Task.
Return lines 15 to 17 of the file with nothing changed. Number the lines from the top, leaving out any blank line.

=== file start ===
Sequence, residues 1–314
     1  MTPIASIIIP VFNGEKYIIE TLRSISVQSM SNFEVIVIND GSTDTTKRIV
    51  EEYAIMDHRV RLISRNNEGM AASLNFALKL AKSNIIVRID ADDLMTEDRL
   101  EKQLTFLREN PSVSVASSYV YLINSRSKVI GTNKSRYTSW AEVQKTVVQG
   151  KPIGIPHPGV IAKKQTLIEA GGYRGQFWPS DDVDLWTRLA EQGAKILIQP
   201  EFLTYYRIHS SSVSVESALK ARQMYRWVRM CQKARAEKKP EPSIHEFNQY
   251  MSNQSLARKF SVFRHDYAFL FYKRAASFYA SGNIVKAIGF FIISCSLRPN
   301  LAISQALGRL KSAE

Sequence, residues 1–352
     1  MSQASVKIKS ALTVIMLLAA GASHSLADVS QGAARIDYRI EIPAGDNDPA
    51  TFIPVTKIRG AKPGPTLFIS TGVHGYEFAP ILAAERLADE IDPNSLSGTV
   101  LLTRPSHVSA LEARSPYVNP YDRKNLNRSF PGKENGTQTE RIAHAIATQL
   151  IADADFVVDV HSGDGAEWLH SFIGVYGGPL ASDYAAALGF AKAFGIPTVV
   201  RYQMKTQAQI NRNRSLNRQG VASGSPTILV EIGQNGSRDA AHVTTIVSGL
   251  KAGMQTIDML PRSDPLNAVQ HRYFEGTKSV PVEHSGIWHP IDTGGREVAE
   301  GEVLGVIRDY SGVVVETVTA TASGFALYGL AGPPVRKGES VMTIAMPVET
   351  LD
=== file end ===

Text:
   251  KAGMQTIDML PRSDPLNAVQ HRYFEGTKSV PVEHSGIWHP IDTGGREVAE
   301  GEVLGVIRDY SGVVVETVTA TASGFALYGL AGPPVRKGES VMTIAMPVET
   351  LD